# Bridge rectifier based mains (line) frequency doubler for an induction motor

1. Jul 3, 2012

### parsec

I want to get a larger flow rate out of a common 3 speed induction motor desk fan.

Without forking out for an off the shelf VFD, I thought perhaps I could build a frequency doubler using a bridge rectifier.

Following the circuit from left to right, I'm thinking that I'll feed the 240V mains directly into a bridge rectifier, the full wave rectified output of which will go into a large valued capacitor to block the DC component. I thought that the inductance of the windings should smooth out the sharp bits at the bottom of the waveform, but otherwise I'm open to the idea of adding another capacitor to further filter the full wave rectified waveform into something more sinusoidal looking.

The circuit is complicated by the fact that (I think) the fan has an orthogonal/start shunt winding and capacitor.

Questions:

Can you think of any safety issues with not using an isolation transformer for this circuit, or otherwise?

I intend on measuring the inductance of the windings to choose the correct capacitor values. Will these values change much under load when the rotor is drawing its mutual inductance current?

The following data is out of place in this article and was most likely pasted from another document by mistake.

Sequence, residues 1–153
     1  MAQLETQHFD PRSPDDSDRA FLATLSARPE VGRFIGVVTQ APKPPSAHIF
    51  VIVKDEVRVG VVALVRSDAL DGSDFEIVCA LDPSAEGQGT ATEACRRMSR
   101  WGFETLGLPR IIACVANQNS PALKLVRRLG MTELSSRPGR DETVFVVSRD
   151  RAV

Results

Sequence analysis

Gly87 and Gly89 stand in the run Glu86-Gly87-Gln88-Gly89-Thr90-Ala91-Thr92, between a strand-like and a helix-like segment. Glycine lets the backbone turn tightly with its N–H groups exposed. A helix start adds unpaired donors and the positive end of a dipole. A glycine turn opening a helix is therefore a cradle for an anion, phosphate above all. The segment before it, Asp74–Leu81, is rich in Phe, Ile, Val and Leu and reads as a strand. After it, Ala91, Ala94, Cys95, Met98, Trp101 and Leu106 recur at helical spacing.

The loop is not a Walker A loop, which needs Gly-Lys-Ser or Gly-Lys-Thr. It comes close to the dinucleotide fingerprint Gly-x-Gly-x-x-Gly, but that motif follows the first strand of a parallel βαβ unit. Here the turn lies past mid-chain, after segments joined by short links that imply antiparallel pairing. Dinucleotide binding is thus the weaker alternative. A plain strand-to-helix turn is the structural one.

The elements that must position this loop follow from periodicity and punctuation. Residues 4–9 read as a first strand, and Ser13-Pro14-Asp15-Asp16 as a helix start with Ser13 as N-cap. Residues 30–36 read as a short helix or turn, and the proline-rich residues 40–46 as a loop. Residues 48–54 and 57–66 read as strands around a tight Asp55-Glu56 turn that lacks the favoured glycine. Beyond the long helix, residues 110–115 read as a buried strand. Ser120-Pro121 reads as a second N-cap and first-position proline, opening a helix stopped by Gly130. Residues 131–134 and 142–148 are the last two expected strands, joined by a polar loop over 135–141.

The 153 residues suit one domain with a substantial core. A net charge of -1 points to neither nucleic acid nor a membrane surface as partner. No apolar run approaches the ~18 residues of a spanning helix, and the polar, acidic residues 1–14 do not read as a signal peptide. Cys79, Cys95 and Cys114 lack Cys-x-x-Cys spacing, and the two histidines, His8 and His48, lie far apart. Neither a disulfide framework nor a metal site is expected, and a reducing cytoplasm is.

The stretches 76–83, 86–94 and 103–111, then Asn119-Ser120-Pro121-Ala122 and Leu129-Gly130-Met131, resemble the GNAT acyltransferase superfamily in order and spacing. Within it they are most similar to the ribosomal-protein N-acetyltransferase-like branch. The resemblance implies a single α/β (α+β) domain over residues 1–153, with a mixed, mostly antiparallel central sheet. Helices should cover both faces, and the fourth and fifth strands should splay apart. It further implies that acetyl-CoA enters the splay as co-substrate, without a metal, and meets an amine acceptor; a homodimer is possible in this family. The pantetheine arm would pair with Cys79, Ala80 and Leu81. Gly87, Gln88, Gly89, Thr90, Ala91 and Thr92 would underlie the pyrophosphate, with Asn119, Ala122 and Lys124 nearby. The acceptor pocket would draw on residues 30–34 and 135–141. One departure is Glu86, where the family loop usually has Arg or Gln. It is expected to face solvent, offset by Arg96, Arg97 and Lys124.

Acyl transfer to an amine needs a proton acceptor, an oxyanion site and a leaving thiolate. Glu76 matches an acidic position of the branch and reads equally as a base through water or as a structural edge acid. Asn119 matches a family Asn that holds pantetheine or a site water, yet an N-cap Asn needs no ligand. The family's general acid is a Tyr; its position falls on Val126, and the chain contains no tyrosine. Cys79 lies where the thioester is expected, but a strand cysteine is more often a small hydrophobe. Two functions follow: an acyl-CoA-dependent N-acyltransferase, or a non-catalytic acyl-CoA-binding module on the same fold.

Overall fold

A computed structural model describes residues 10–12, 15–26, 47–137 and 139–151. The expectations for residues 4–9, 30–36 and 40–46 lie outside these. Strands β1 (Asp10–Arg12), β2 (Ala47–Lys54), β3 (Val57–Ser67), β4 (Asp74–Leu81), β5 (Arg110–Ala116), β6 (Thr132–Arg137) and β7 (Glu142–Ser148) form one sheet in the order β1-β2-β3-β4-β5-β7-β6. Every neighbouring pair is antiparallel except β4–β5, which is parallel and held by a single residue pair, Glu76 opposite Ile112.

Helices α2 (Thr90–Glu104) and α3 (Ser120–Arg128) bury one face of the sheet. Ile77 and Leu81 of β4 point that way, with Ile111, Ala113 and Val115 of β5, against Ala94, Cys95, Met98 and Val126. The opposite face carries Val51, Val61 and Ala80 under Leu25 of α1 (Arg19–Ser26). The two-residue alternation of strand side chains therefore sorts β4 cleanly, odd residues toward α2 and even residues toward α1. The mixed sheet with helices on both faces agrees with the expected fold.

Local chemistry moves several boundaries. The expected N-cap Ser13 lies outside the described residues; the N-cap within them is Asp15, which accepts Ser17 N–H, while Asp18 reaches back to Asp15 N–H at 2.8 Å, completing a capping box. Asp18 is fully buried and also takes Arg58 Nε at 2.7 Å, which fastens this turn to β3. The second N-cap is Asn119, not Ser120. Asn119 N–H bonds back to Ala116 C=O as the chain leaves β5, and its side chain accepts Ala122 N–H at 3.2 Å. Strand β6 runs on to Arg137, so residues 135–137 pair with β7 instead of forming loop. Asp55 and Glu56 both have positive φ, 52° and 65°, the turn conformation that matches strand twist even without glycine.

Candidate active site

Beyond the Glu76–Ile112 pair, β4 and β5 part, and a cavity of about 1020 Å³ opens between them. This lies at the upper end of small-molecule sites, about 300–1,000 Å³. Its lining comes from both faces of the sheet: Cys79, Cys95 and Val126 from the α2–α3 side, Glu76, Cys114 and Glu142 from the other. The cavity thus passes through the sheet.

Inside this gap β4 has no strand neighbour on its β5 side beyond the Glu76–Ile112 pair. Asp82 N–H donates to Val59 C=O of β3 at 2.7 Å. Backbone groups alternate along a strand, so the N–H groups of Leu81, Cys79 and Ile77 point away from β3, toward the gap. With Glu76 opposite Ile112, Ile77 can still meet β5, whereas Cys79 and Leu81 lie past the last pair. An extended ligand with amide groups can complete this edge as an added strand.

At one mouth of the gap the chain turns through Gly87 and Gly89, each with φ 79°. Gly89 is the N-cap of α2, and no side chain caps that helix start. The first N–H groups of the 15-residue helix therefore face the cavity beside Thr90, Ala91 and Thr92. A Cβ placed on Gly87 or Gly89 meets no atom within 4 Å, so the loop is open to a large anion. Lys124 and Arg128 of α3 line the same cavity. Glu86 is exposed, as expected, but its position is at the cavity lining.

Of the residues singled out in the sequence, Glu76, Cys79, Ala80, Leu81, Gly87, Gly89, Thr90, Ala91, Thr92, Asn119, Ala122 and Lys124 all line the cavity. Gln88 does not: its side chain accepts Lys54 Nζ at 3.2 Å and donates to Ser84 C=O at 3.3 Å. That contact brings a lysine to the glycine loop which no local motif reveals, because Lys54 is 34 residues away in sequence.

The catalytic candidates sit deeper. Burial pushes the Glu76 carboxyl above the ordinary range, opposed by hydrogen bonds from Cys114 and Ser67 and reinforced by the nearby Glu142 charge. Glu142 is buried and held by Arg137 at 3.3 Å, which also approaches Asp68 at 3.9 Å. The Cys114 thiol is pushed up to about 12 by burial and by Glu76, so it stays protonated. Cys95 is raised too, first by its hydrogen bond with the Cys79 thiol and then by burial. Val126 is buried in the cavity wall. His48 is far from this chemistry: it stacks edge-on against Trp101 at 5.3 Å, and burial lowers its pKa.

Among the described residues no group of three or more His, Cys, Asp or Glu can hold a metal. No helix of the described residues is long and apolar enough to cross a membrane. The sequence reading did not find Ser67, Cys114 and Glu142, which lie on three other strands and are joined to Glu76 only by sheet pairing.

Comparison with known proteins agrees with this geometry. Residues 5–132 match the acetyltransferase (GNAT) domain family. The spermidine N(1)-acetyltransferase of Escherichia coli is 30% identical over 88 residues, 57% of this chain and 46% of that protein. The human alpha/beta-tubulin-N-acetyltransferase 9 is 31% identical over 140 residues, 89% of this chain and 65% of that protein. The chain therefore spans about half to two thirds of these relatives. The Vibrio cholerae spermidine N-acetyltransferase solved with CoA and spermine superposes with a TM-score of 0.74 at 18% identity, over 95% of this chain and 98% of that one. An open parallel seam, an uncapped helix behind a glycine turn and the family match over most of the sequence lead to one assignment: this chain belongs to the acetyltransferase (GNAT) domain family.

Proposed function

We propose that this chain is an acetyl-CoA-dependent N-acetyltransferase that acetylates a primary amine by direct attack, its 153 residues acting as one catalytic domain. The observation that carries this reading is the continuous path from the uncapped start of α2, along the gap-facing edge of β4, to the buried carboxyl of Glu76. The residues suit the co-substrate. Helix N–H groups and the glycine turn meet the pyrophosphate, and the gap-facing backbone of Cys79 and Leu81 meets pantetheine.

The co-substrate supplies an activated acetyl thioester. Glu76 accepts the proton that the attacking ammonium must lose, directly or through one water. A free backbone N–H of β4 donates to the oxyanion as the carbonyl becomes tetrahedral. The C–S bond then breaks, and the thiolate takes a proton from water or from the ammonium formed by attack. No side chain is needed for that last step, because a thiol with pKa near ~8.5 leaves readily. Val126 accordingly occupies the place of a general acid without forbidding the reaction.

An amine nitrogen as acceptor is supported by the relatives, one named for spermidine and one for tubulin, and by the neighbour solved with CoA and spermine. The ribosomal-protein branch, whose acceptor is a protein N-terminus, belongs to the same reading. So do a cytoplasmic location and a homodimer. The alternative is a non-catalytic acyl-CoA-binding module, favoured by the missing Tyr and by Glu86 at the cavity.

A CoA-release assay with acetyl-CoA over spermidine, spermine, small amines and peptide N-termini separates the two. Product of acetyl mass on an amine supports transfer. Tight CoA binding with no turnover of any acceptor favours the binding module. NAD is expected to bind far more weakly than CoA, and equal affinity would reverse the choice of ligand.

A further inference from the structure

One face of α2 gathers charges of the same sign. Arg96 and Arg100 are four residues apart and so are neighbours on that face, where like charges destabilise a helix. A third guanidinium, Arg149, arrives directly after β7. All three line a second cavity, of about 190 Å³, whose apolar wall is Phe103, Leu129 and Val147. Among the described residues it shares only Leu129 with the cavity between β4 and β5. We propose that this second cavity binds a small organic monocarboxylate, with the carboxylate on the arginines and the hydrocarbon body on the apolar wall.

Is this a viable approach given the additional complexity of the shunt winding? I am yet to fully probe my particular fan, but I've attached a schematic of another fan. I am unsure whether my fan has this many windings, but I know it has one cap.

2. Jul 3, 2012

### vk6kro

If you did put a capacitor in series with the output of a bridge rectifier, you would charge the capacitor up to the peak value of the bridge rectifier output and after that, the diodes in the rectifier would be reverse biased for almost all of the incoming waveform.

So, you wouldn't get anything out.

3. Jul 4, 2012

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Ah yeah, I see now.

I guess I'd need a shunt resistor before the cap to discharge it on the falling part of each half sinusoid, which would look more like a standard RC high pass filter I guess.